Consortium to build flood warning system for all Balkan countries along Sava river
Hydro-engineering institute Sarajevo, Spanish consultancy firm Eptisa, Dutch consultancy firm Royal HaskoningDHV, Dutch research institute Deltares and consultant Mihailo Andjelic have joined forces to establish a Flood forecasting and warning system (FFWS) for all riparian countries in the Sava river basin in Eastern Europe.
Countries involved are Slovenia, Croatia, Bosnia and Herzegovina, Montenegro, Serbia and Albania.
The Sava-FFWS system is to provide more accurate information with a long lead time, enabling the five countries involved to take the right management decisions and implement operational measures to prevent and mitigate severe flood and drought situations.
The efforts of the consortium will focus on three aspects: how to establish an effective organisational structure, delivering the right information at the right time and to the right place, and training for the relevant stakeholders.Map of Sava river basin shared by five Balkan countries.
Bridging the national differences
The Sava-FFWS is a very special project because the Sava river basin (97,700 km2) is shared by five countries: Slovenia, Croatia, Bosnia and Herzegovina, Montenegro and Serbia, while a very small area of the basin area also extends to Albania.
Each country has its own models, monitoring systems, forecasting systems, water authorities and interests. An effective FFWS has to bridge the differences and support collaboration in the field of water management.
Disastrous floods in 2014
Between 14 and 20 May 2014, there were disastrous floods in the Sava basin (see top photo) that resulted in 79 casualties and substantial economic damage in Croatia, Bosnia, Herzegovina, and Serbia.
Assessments of the total damage in the area range up to 3.8 billion Euros. The events led to a major international aid campaign, with numerous countries, organisations and individuals sending humanitarian, material and monetary support to the affected areas.Flood expert Mathijs van Ledden of Royal HaskoningDHV inspecting the situation after the flooding in 2014 on behalf of the United Nations.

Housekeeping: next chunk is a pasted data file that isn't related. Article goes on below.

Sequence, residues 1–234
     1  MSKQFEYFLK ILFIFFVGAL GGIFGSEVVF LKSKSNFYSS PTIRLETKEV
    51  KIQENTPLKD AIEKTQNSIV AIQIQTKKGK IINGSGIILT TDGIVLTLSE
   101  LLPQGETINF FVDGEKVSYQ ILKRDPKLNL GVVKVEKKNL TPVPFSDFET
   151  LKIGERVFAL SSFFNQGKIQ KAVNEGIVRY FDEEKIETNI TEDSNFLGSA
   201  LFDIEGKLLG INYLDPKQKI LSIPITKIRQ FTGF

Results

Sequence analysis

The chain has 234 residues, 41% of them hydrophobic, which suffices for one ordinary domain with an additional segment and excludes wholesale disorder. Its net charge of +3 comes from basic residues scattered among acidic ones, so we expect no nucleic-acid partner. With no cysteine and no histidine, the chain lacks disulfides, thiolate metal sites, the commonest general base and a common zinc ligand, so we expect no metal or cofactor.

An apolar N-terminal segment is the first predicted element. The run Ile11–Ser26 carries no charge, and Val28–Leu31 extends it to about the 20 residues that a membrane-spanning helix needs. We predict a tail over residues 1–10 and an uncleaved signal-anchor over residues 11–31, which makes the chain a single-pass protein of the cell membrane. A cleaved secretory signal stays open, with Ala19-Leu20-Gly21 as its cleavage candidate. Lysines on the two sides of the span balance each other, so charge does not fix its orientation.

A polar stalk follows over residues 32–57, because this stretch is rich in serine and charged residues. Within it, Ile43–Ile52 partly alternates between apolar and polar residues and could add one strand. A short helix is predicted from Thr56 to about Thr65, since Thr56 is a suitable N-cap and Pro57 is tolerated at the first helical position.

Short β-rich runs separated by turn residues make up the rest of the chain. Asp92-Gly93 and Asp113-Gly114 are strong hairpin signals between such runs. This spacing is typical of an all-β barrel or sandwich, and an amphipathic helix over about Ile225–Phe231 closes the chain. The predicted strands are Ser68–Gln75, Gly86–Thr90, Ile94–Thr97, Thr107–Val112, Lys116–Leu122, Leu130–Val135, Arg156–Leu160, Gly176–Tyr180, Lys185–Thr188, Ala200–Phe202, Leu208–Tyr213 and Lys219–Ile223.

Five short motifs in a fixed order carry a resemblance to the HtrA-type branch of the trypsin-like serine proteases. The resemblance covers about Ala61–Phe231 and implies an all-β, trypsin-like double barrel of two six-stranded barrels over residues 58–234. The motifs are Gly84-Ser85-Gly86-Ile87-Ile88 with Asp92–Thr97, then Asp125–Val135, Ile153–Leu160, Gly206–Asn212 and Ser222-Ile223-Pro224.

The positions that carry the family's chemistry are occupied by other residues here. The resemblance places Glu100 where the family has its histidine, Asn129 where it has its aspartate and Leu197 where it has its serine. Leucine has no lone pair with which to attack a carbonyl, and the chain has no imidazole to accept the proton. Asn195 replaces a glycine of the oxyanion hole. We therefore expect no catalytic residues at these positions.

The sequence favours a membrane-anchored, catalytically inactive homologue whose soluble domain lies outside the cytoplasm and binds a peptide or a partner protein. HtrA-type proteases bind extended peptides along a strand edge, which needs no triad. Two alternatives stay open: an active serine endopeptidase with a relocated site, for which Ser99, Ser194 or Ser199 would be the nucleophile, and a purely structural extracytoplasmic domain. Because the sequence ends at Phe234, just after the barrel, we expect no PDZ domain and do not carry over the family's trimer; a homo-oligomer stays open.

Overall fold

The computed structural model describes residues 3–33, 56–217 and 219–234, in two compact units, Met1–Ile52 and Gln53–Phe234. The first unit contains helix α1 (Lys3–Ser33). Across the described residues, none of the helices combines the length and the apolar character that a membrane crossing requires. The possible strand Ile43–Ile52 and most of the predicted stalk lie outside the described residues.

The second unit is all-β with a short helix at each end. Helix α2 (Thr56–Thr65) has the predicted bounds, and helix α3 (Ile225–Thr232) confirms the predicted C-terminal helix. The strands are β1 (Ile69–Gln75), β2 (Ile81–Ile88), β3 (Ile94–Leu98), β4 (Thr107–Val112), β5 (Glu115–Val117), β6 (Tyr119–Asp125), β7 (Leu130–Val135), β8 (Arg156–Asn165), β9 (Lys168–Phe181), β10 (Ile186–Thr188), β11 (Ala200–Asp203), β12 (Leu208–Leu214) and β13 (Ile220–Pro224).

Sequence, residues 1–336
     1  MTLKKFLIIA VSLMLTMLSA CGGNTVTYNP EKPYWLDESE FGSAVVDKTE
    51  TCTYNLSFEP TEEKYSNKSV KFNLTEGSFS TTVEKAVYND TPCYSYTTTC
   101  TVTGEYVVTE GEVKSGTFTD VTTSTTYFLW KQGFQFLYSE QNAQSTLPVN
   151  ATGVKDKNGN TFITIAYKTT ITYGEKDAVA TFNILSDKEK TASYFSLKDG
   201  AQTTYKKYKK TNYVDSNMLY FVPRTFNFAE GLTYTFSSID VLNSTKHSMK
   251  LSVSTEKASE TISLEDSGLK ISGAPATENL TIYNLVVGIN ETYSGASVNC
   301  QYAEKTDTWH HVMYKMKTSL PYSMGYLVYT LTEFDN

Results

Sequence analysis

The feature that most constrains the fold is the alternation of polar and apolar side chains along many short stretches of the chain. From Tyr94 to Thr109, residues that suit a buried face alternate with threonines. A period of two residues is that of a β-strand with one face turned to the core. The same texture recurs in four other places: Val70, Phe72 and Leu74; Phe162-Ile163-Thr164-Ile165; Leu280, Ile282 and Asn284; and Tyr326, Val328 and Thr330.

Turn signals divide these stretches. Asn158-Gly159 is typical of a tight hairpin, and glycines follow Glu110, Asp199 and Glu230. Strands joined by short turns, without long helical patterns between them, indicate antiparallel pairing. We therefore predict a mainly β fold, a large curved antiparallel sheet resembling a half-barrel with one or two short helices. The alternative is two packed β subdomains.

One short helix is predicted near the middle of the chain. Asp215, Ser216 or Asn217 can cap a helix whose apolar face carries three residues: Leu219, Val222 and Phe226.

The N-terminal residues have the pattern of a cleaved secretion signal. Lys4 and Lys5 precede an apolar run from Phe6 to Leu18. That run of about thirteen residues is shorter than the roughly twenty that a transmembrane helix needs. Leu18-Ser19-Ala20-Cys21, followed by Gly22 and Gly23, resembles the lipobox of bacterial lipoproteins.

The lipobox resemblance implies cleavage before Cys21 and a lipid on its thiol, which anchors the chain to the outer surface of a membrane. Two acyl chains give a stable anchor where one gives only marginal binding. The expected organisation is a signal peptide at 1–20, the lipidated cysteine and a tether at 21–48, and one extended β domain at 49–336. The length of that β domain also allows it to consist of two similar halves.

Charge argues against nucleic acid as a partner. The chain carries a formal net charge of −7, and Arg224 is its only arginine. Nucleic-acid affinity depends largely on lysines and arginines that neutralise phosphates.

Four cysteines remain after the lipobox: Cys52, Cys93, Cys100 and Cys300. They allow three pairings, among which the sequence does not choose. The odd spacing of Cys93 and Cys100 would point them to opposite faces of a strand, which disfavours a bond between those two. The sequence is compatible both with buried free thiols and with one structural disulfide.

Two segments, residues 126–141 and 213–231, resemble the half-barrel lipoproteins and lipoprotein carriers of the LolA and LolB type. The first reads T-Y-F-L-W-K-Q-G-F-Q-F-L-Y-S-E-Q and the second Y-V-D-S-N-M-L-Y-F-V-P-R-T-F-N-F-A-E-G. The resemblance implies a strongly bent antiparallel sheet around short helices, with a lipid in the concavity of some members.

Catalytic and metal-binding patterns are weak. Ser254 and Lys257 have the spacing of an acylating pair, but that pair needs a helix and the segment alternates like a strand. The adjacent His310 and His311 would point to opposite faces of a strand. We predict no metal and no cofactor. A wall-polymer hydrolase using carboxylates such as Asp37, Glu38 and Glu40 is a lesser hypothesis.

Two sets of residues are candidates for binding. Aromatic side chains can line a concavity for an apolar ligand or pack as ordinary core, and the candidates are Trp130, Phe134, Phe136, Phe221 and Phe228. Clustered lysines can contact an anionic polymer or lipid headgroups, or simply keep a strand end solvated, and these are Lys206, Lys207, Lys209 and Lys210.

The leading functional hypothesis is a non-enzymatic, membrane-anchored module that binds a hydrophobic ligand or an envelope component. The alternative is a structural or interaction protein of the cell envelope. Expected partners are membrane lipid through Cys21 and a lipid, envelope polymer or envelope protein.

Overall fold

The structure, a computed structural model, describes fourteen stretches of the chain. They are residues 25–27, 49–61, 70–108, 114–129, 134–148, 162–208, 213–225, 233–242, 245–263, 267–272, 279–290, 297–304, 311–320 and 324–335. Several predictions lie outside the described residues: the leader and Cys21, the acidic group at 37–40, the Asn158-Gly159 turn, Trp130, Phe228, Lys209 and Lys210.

Hydrological and hydraulic models
Hanneke Schuurmans of Royal HaskoningDHV, hydrometeorologist and project leader on this project, recalls the devastating impact within the Sava river basin. "Safer communities in future – spread across five countries – are our biggest win through this flood forecasting and warning system as a partner in this consortium. Royal HaskoningDHV’s main contribution is the integration of multiple numerical hydrological and hydraulic models within the Sava river basin that forecast the expected water levels and flood extents."
The Balkan region has recently suffered from not only flooding but also from severe droughts. 2012 was one of the driest years in the past four decades. And in 2015, the year after the major floods, the area was afflicted by droughts that caused wildfires, destroyed forests, affected electricity supplies and caused enormous agricultural damage.
The FFWS system consists of multiple numerical hydrological and hydraulic models to simulate the expected flows and water levels throughout the Sava river basin.
It will be built on the Delft-FEWS software, an open software infrastructure for operational water management and forecasting of which the intellectual properties is owned by Deltares.
Klaas-Jan van Heeringen, project leader at Deltares: "This project brings together all the current state-of-the art knowledge about hydrological forecasting itself, as well as the expertise required to use a system like this effectively if conditions get challenging".
This news item was originally published on the website of Deltares and Royal HaskoningDHV.
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● Van Heck puts its massive floodwater pumps on the road again, this time to Serbia, 2 September 2014
● 'Sava levees did remarkably well, given extreme water levels', 26 May 2014
● UNDAC calls in Dutch flood expertise to help flood-ridden Serbia, 20 May 2014
● Witteveen+Bos leads project to rehabilitate Croatian river Sava, 1 June 2013
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